Black Panther Encourages Representation

With dazzling cinematography, exhilarating action and a talented all black cast, the superhero film Black Panther left viewers awestruck. The movie was released on February 16 of this year and is a part of the film series based on Marvel Comics’ superhero characters.

The protagonist and Black Panther T’Challa, played by Chadwick Boseman, must take over as king of the African nation Wakanda after his father dies; however, the job is not easy. To most of the world, Wakanda is a third-world farming country, but beyond the concealing borders, it is a center for technology more advanced that any other nation.

Therefore, one of the main conflicts is whether or not to reveal Wakanda’s true identity to the rest of the world. The stories of the vicious arms dealer (Andy Serkis) and the abandoned child seeking revenge (Michael B. Jordan) only make the plot more thrilling.

As captivating as the plot is, the characters steal the show. While T’Challa is the hero, his sister Shuri (Letitia Wright) is a star of her own. Shuri is the genius behind Wakanda’s technology, and though she takes her work seriously, her witty personality makes for lots of laughs. Nakia and Okoye, played by Lupita Nyong’o and Danai Gurira respectively, are also empowering female characters. The two are a spy and a general who support and protect T’Challa on his missions and can kick butt as well as or better than the next male character.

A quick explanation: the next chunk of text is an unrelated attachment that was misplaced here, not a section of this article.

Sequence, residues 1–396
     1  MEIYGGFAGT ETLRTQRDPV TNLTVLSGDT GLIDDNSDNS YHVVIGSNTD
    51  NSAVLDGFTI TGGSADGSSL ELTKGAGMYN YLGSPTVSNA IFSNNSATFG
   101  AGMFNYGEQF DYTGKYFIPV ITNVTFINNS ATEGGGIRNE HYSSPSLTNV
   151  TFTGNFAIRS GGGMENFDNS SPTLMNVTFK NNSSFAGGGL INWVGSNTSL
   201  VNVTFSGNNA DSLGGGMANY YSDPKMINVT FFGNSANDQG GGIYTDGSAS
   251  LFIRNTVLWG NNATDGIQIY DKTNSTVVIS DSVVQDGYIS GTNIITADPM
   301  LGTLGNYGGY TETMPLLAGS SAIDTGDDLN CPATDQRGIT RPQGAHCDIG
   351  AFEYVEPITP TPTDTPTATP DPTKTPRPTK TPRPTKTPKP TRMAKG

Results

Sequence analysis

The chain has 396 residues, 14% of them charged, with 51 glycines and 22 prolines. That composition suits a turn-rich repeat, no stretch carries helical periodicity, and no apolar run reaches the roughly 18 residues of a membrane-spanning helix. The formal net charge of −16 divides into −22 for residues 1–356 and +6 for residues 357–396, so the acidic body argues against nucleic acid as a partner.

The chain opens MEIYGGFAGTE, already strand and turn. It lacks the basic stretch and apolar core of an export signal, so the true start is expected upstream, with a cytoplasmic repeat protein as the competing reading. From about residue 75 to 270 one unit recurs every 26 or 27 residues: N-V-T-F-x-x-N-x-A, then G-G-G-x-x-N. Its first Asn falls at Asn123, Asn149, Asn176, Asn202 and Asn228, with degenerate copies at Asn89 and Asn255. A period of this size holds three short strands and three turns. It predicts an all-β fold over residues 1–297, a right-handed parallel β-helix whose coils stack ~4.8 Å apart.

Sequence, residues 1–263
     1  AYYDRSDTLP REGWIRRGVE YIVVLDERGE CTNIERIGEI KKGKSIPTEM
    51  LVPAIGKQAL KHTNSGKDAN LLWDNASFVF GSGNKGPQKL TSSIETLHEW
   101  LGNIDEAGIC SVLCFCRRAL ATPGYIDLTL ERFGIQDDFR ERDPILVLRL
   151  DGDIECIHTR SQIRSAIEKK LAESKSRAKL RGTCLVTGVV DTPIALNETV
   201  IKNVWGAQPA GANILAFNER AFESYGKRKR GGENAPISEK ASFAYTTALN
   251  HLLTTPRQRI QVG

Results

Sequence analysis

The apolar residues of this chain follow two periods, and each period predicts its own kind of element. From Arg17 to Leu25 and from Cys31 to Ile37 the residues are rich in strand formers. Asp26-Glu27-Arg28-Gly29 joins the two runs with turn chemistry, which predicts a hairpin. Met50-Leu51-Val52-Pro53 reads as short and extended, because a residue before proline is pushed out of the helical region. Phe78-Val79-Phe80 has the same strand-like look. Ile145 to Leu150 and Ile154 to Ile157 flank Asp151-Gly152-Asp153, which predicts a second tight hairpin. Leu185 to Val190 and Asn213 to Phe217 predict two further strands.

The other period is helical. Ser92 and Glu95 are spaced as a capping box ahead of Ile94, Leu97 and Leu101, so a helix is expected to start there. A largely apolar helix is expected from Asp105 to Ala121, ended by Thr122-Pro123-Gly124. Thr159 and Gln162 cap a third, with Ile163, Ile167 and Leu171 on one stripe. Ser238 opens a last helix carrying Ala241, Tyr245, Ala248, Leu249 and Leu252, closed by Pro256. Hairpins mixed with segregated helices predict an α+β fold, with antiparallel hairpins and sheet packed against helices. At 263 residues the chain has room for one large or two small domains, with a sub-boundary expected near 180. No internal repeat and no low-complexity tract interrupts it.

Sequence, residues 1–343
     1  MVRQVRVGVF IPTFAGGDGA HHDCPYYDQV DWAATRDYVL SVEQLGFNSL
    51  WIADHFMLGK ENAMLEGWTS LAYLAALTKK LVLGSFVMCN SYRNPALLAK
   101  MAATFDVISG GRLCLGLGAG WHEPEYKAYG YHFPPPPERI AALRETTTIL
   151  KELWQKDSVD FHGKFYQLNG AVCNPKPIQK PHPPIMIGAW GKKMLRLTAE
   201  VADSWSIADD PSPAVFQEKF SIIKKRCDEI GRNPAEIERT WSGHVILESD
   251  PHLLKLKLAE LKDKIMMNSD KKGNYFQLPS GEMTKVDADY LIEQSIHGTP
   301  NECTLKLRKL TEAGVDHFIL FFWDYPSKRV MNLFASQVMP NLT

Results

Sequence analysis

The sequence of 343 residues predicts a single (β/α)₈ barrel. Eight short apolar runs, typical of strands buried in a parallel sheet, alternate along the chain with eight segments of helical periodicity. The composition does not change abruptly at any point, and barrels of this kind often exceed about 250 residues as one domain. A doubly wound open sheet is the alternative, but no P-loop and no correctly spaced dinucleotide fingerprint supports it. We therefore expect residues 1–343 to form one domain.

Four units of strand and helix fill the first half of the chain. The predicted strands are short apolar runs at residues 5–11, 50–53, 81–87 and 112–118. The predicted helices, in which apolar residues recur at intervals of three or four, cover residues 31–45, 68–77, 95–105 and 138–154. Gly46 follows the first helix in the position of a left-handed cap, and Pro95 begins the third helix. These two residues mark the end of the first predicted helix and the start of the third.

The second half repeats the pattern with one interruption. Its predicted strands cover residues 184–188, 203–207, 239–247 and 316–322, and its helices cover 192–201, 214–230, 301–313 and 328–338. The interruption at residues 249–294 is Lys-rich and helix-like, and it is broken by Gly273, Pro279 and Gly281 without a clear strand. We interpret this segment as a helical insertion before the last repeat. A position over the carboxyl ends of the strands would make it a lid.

Black Panther is phenomenal for many reasons. Not only is it a great superhero movie, but it brings black culture to the big screen, a place where people of color are often underrepresented.

Except for two characters, a villain and the somewhat delicate CIA agent, the main cast is entirely black. However, the film more than just represents black and African culture. It puts it on beautiful display. From the vibrant colors of the Wakandan tribes to the characters’ natural hair, Black Panther showcases unapologetic black pride.

Representation is important because the characters we watch can influence how we look at ourselves, especially if they look like us. Having a film with strong black superheroes, kings, geniuses and female characters allows for black youth especially to see themselves represented in a positive light and become empowered.

Overall, there are not enough praises to be said of Black Panther, and its only fault may be that it did not come sooner! I highly recommend seeing Black Panther before it leaves the theater, and even if superhero movies are not typically your thing, it is still well worth the watch.